John Boccierri is challenging Ralph Regula (OH-16). Boccierri, who declined to run for Congress last cycle, is an Iraq war veteran and is considered a rising star in the Ohio State Senate; he is also a friend and political ally of Governor Ted Strickland.
Kyle Foust is challenging Phil English (PA-03). Foust is an Erie County Councilman with a reputation as a leader who reaches across party lines to get things done for his constituents. Tom Meyers, a local labor attorney, is also considering challenging English. The English campaign is rightfully worried; despite outspending his opponent by 5 to 1, he barely won with 53 percent.
John Unger is challenging Shelly Moore Capito (WV-02). Unger is a well regarded State Senator with a great profile for the district. Unger is a humanitarian who has worked with Mother Theresa and with a children's' charity in Iraq. He launched his campaign last week at an event with Congressmen Mollohan and Rahall.
The Democratic Leadership and DCCC Recruitment Committee's hard work is a critical part of our recruiting successes. Thank you to Speaker Pelosi, Leader Hoyer, Whip Clyburn, and Chairman Emanuel. We need to also acknowledge the work and dedication of the DCCC's Recruitment Committee - led by Representative Artur Davis (AL) with Representatives Russ Carnahan (MO), Mike Doyle (PA), Rahm Emanuel (IL), Steve Israel (NY), Ron Kind (WI), Jim Matheson (UT), Betty McCollum (MN), Tim Ryan (OH), Adam Schiff (CA), Hilda Solis (CA) and Debbie Wasserman Schultz (FL).
WINNING THE SUBURBS
One example of where we're expanding the playing field is in the suburbs. Despite the Republican spin that Democrats can't win seats President Bush carried, the reality is that we are competing in and winning traditionally Republican seats, particularly in the suburbs. For instance, Representatives Hall (NY-19), McNerney (CA-11), and Perlmutter (CO-07), to name a few, all beat Republicans in suburban districts that President Bush won, and these seats continue to trend Democratic.
The suburbs are trending Democratic and Republicans continue to lose the suburban voters that once supported them. Since 1994, Democrats have made consistent gains in the suburbs, picking up 36 suburban seats - 11 suburban seats in 2006 alone. Our base now includes our traditional urban base, as well as smaller cities and the suburbs.
The suburban trend is continuing this cycle. Democrats have already won down ticket special elections this year in historically Republican areas in Delaware, Florida, and New Jersey.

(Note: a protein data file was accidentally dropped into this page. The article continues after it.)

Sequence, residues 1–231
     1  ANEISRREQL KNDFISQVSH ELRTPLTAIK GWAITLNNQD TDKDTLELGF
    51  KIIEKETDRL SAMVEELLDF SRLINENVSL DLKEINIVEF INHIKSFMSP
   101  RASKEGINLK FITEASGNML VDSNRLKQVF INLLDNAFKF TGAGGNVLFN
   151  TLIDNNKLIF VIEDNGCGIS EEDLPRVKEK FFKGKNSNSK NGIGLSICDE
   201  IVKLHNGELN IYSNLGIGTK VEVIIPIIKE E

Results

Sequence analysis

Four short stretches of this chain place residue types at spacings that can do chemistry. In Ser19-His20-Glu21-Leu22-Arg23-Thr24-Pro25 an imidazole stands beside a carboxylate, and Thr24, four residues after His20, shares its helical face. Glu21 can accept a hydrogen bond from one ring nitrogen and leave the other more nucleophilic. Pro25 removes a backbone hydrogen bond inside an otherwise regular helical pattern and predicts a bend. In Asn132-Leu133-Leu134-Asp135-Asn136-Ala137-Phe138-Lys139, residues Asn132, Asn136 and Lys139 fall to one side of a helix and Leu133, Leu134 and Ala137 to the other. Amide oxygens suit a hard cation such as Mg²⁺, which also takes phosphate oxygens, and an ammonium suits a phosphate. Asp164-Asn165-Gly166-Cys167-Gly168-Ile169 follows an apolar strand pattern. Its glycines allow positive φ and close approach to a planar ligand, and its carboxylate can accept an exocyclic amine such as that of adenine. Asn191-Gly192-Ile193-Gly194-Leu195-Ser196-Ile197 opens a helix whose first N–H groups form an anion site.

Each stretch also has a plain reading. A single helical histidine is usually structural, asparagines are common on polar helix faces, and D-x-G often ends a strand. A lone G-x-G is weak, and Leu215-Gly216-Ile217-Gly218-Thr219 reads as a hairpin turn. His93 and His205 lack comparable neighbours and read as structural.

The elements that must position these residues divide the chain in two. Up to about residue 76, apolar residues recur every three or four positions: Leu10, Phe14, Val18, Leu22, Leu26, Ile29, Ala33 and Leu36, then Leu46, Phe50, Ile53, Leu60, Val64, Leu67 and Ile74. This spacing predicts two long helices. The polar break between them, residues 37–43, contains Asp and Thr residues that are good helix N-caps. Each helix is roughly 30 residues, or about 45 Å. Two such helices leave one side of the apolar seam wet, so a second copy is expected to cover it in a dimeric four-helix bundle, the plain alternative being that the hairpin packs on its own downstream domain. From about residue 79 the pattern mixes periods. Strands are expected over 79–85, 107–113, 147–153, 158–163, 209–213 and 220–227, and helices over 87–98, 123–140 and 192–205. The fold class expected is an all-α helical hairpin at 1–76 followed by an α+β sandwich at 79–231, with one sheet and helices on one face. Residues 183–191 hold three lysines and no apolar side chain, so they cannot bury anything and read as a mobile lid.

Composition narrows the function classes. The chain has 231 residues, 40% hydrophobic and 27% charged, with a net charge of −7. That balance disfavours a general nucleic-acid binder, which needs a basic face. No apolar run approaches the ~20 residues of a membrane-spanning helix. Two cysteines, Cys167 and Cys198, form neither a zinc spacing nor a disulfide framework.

We have recruited strong candidates running in suburban Republican districts, including Steve Driehaus (OH-02), Jim Himes (CT-04), and Linda Stender (NJ-07). We remain focused on recruiting strong candidates in suburban districts in Michigan, New Jersey, and other Republican districts where we have not played before.
MEETING OUR CHALLENGES
The task at hand is formidable. Our recruitment successes coupled with our 31 Democrats in challenging districts means we will be competing in more than 60 districts. Increasing the playing field to more than 60 seats also increases the DCCC's challenges. Successfully meeting these challenges will take full Caucus participation.
The DCCC plans to invest a record amount of money in individual races this cycle. Last cycle, the DCCC's independent expenditure campaign spent $66.6 million. This cycle - with more than 60 seats in play - the DCCC will need much more to stay competitive.
As you plan your political participation this cycle, remember that an early investment in the DCCC, in our Frontline Members, and in our challengers shows Democrats' strength and is viewed as an early sign of our success.
We will not take Democratic turnout for granted. While the Presidential campaign will help in a number of seats, we are prepared to run our own field programs in our targeted districts. We have begun to assemble a field plan and team to meet this challenge.
2008 will be a change election. Suburban voters want to see progress being made toward ending the war in Iraq and increasing accountability in government.
The 2006 election was about Americans' deep dissatisfaction with the status quo. On nearly every issue, Americans were unhappy with the direction the President and Republican Congress were taking the country. Democrats won by being the agents of change, with a plan to take America in a New Direction.
The 2008 election must be about change and accountability. We will increase Americans' confidence in the Democratic Congress by continuing to fight to end the war in Iraq, keeping our pledge to change the way business is done in Washington, and tackling the kitchen table issues people care about - gas prices, college affordability, fiscal accountability, etc.
As we show Americans that we are bringing accountability back to government, the public's confidence in us will continue to grow, as will the chorus of leading conservative voices such as William F. Buckley and Bob Novak saying that Republicans are headed for electoral disaster in 2008.
June 7, 2007; 4:09 PM ET
Save & Share: Previous: Democrats Look to Anchorage Mayor
Next: Wyoming U.S. Attorney Quits, Plays Coy on Senate Appointment
Posted by: Ryan | June 8, 2007 11:20 AM | Report abuse
The comments to this entry are closed.